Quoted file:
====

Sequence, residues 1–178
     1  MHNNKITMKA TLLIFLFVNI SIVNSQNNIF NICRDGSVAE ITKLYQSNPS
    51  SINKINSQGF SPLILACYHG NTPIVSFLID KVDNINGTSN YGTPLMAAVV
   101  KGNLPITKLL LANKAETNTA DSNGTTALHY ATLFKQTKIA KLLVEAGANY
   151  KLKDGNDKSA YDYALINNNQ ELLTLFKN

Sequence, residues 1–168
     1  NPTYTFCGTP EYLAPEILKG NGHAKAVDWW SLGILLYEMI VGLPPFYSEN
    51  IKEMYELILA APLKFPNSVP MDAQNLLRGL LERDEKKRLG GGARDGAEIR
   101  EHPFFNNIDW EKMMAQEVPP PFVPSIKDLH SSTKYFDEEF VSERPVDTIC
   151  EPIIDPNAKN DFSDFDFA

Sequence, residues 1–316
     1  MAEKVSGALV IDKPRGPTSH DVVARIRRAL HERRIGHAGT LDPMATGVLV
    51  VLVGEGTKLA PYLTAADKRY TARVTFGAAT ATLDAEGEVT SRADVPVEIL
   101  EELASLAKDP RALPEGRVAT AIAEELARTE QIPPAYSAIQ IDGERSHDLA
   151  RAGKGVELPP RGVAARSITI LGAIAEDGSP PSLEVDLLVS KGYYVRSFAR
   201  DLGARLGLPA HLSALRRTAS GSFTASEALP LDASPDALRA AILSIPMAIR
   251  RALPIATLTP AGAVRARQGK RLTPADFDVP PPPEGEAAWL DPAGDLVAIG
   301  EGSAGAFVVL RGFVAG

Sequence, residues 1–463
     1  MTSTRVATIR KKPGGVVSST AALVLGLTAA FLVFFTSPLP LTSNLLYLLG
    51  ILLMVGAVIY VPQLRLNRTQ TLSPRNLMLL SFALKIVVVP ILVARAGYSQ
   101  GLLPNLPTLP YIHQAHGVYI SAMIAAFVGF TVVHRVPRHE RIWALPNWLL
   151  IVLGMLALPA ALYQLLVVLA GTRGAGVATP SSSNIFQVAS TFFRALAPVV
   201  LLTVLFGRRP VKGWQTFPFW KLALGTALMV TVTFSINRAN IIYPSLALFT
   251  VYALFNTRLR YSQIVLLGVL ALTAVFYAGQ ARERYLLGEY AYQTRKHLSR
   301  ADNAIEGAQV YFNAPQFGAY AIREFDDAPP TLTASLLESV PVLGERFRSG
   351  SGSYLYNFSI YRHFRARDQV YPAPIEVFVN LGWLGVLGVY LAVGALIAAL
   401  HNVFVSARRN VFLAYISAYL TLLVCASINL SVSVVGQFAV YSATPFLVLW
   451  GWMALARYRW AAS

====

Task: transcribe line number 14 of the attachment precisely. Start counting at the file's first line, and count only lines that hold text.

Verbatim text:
   101  EELASLAKDP RALPEGRVAT AIAEELARTE QIPPAYSAIQ IDGERSHDLA